Wednesday, August 18, 2010
AUT seeks Pacific journalism lecturer for new course
New Zealand’s AUT University is seeking a Pasifika journalist and educator to join its teaching staff.
The university’s School of Communication Studies described the new post in an advertisement today as a “challenging opportunity to lead, develop and teach the new Graduate Diploma in Pacific Journalism programme”.
The new staff person would also contribute to other journalism papers.
Besides core journalism skills, this diploma will also offer specialist papers in Māori and Pasifika Media Industry and Reporting the Pacific Region with both Pasifika media and mainstream media internships available.
“Applicants need a thorough knowledge of reporting and production in one or more areas of the news media,” said the advertisement.
“They are also expected to have outstanding Pacific and mainstream media experience and industry connections with strong roots and mana in the Pasifika community.”
As a minimum requirement, applicants are expected to have at least five years experience in an area of Pacific journalism and an undergraduate degree. A postgraduate qualification is preferred, but not essential.
“Recruiting a Pasifika staff person and the new course are significant steps for media diversity in Aotearoa/New Zealand,” said Pacific Media Centre director David Robie.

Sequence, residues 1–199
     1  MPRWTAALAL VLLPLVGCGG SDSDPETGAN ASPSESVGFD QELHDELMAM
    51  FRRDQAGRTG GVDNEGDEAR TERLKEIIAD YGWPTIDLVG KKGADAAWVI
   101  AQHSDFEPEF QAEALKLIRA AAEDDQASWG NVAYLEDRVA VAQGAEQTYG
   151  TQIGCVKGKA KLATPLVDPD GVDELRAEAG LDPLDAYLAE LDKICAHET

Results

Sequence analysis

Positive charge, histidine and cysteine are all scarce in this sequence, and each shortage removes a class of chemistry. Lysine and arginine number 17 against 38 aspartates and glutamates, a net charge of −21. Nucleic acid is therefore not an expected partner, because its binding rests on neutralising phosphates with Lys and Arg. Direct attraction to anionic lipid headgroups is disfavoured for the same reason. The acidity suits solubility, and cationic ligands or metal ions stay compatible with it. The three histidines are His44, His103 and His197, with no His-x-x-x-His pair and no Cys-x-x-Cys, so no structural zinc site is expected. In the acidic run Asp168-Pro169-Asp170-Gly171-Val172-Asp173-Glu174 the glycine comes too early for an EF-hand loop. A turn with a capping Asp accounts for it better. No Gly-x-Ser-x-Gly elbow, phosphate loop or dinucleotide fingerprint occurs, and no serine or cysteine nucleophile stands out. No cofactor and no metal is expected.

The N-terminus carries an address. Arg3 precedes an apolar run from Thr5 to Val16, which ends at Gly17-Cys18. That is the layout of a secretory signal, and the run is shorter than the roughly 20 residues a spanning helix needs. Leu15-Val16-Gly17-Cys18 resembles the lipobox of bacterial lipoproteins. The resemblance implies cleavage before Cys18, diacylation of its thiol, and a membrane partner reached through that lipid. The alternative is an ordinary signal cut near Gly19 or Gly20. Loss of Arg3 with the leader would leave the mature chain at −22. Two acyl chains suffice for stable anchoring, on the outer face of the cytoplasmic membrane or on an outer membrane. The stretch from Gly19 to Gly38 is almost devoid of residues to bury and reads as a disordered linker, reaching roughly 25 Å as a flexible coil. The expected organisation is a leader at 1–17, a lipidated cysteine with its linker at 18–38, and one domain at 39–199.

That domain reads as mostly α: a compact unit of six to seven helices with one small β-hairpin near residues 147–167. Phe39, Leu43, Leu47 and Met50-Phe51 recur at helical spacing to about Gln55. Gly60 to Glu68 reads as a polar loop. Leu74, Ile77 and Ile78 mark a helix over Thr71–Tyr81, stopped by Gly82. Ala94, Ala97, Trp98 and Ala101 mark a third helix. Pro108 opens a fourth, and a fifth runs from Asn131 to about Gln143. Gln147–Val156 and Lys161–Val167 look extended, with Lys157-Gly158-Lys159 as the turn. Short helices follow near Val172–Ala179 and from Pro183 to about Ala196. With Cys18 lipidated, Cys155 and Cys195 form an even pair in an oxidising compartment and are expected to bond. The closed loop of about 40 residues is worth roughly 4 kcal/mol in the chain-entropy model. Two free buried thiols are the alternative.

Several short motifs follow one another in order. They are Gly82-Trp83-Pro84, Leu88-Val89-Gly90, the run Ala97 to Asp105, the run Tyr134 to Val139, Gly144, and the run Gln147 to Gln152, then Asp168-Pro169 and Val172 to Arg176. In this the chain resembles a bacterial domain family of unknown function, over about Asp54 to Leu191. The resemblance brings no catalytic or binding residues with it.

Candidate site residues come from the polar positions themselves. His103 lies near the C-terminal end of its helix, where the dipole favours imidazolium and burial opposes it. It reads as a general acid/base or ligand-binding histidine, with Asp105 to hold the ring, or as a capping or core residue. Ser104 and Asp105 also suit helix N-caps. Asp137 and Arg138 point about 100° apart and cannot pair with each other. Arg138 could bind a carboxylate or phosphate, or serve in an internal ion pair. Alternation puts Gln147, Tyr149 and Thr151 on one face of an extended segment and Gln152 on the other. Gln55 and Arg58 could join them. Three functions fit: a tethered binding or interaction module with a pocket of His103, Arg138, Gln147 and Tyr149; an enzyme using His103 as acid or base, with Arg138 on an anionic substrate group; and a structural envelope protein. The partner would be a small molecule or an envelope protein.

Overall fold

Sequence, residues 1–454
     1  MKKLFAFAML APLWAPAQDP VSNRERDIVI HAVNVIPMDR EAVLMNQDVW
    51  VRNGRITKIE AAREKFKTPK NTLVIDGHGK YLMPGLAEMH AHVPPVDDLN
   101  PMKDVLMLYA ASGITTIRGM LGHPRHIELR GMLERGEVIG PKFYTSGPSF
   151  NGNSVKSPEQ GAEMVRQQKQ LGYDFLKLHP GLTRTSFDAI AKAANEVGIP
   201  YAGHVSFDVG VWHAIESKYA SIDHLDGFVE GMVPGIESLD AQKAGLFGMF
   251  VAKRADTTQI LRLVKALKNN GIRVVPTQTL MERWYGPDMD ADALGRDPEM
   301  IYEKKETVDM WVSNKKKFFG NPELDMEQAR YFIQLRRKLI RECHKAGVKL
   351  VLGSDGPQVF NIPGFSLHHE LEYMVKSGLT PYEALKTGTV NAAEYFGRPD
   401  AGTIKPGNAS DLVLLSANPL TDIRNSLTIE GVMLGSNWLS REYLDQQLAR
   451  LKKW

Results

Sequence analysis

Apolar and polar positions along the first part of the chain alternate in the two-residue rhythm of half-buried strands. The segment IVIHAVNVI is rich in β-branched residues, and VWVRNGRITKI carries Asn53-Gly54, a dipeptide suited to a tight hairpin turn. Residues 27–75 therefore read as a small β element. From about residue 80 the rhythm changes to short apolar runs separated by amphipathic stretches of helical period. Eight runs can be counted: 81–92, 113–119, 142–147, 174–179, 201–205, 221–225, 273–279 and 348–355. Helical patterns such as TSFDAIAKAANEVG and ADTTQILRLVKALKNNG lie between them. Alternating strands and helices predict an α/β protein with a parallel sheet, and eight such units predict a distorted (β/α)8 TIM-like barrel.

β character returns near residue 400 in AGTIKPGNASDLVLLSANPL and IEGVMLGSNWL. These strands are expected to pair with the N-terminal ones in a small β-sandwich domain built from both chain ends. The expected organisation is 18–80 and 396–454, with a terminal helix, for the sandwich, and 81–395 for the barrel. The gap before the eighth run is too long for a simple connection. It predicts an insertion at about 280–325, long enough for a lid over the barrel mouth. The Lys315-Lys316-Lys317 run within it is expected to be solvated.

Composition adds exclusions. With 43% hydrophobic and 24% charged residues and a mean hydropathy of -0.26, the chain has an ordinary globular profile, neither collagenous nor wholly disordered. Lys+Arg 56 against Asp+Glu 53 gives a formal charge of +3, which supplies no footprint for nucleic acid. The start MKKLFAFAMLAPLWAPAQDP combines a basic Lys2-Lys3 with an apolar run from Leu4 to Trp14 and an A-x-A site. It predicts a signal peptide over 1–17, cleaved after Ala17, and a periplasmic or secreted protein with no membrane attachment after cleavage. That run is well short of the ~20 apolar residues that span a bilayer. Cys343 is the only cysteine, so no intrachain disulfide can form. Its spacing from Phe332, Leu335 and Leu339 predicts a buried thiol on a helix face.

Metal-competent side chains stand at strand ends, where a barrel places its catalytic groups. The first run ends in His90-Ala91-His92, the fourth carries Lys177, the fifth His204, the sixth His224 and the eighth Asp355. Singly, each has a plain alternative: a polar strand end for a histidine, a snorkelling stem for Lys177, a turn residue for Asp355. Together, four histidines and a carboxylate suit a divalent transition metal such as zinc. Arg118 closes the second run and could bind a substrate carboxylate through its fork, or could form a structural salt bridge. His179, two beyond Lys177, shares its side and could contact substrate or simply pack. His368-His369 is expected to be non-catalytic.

“Finally we have some recognition of the value of cross-cultural skills and different cultural values in the news media.
“This is in line with the changing demographics in New Zealand. We want more journalists telling their own stories from their own perspective.”
He has been one of the sponsors of the new initiative, which has followed years of lobbying by the Pacific Islands Media Association (PIMA) for a new Pacific Islands journalism course.
"What an exciting time for journalism education and upcoming journalists,” says New Zealand Herald Pacific Affairs reporter Vaimoana Tapaleao, an AUT communication studies graduate and winner of this year’s Qantas Junior Reporter of the Year award.
“The course will no doubt attract upcoming gems in the journalism world but most importantly help to take multicultural New Zealand into the newsroom,” says Tapaleao.
Dr Alan Cocker, head of the School of Communication Studies, says: “We teach journalism in a New Zealand and Pacific context and we have, over a number of years sought to strengthen our Pacific focus.”
He cited the long-standing school support for a Pasifika communications scholarship, a partnership with the Pacific Islands Media Association, establishment of the Pacific Media Centre and research journal Pacific Journalism Review as examples of this initiative.
The one-year diploma course is not for school leavers, who will continue to enter the Bachelor of Communication Studies degree programme. Instead, it is a Level 7 programme aimed at people already in the media industry but with no qualification, or mature students with life experience wanting to make a late start in journalism.
Regional Pacific journalists and students are also welcome to apply.
AUT began teaching a Reporting the Pacific Region paper this year after a postgraduate Asia-Pacific Journalism course was established in 2007.
Many of the students' stories are published on Pacific Scoop.
John Utanga interview with Radio Australia
Taking multicultural New Zealand into the classroom
Details of the new position are on the AUT new jobs webpage. Deadline: September 15